Sprint 2: February Edition
February 1, 2015 by David T. Allen
Leslie and I are taking an “agile” approach to writing this year. I’ve borrowed a few ideas from software development, but I won’t bore you with software dev … in this article.
We made a board in January that contains all of our month’s and year’s goals. Let’s see how January went:
We agreed on January 1 that Leslie would focus on the new book, Echo Chamber Heist, while I would finish and publish Dream Eater’s Carnival.
Leslie crushed her goals (pink) but I didn’t do so well (yellow). It’s important to analyze what happened.
Let’s focus on Leslie’s successes first. She only missed three items: check the PO box works and submit two chapters to our writing community. That’s because we pivoted a few weeks into January.
We received an unexpected number of critiques and were invited into an intense critique group. Because we already had a lot of input (well over 100 chapter critiques), we decided to update the posted chapters instead of posting new content. This helps us get feedback on changes sooner and should reduce the time spent editing later.
Even though a few items were unfinished, Leslie more than made up for it with edits. We added pink slips to the “done” column for chapters she edited.
We asked a mixture of new readers and old critiquers to beta read Dream Eater’s Carnival. The results were positive, but everyone highlighted a few weaknesses.
I had to be careful with changes. It’s easy to introduce flaws this late in the game.
It wasn’t until we passed the changes to each other a few times that we realized something awful: we disagreed on how modern day people viewed the history of cathedrals.
It was difficult to handle, at first. Both of us were stubborn – me especially – and I was frustrated that we weren’t actually finished. I took a long walk in the snow (because that’s what I do on Sundays) and, when I returned, I realized we could still accomplish all future goals related to the cathedrals regardless of which approach we took.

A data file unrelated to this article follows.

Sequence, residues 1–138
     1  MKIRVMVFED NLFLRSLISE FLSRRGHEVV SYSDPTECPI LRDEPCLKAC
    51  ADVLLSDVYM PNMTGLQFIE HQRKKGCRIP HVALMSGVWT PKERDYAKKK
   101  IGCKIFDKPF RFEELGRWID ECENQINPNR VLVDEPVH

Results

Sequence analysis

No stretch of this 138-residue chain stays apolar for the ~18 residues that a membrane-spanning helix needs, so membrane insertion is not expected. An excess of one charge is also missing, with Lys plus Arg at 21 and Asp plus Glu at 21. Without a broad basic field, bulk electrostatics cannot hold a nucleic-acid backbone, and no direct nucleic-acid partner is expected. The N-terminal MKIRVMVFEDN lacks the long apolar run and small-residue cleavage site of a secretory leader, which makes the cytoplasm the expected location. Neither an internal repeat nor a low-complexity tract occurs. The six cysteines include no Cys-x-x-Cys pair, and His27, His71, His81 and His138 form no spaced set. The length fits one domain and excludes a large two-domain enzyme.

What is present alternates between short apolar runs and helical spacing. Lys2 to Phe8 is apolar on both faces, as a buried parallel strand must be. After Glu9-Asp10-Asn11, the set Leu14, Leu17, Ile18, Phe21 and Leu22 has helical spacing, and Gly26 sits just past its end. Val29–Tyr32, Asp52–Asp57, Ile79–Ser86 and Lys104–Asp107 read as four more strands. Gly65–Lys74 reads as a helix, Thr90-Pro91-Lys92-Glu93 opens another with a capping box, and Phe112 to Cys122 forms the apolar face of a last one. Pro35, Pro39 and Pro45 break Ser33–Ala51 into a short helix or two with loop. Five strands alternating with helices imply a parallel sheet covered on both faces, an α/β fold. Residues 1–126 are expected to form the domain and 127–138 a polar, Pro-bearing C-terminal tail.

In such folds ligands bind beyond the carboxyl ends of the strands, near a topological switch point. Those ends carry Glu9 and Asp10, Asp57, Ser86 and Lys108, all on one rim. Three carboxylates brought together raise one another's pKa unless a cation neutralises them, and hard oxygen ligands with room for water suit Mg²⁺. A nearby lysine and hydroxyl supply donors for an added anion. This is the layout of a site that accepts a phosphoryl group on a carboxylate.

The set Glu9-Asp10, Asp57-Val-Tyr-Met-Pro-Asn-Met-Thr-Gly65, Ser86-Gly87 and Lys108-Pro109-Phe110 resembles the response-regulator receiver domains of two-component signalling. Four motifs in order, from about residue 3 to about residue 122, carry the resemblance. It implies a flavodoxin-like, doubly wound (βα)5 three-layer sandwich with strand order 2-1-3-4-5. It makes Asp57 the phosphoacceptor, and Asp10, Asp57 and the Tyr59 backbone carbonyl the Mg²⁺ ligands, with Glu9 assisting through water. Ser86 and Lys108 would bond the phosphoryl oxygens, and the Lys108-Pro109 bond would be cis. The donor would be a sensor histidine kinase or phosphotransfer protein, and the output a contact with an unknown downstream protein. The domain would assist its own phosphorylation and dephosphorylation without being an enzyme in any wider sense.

But still, neither of us were willing to give in on who was correct.
So we sent both snippets to our critiquing chums and stamped it with URGENT. These wonderful people finished in a day, but yet again we had bad news: none of them agreed. What one person loved, another person hated.
We analyzed their input and found some middle ground we both could agree on.
So, I didn’t publish anything – and all of my goals were blocked because they relied on publishing Dream Eater’s Carnival.
The board keeps us focused, motivated, and happy. At a glance, we know what we need to do and what we’ve already accomplished. In the past, it felt like things were never getting done, even if we worked on the book for hours a day.
Even though Leslie and I had a heavy load at work this month, we feel more productive with our writing goals than ever before.
It’s difficult to figure out when a work is good enough to publish. Almost every book has flaws, and at some point, you have to publish and move on with your life. And boy, were we ready to move on. But when all of our beta readers flagged the same issues, we had to fix it.
Adding a few hundred words to a nearly completed book is much harder than writing brand new chapters.
Editing for months at a time is soul sucking. Having Leslie focus on new content made us happy. We should always balance writing with editing to reduce time spent editing a finished book.
- Early stage critiques are invaluable. Dream Eater’s Carnival would have went smoother if we had found a good writing community sooner.
We moved all finished tasks into a quart jar and placed it in our cabinet, next to the lentils and quinoa.
Then, we reordered our year’s goals. It’s important to read the long-term goals to stay focused on how this month gets us closer to completion.
Finally, we added our new tasks. We decided to use different colors from January so our eye would be drawn to incomplete tasks.
During this process, our dogs took turns licking an empty jar of peanut butter. I added pictures for your amusement: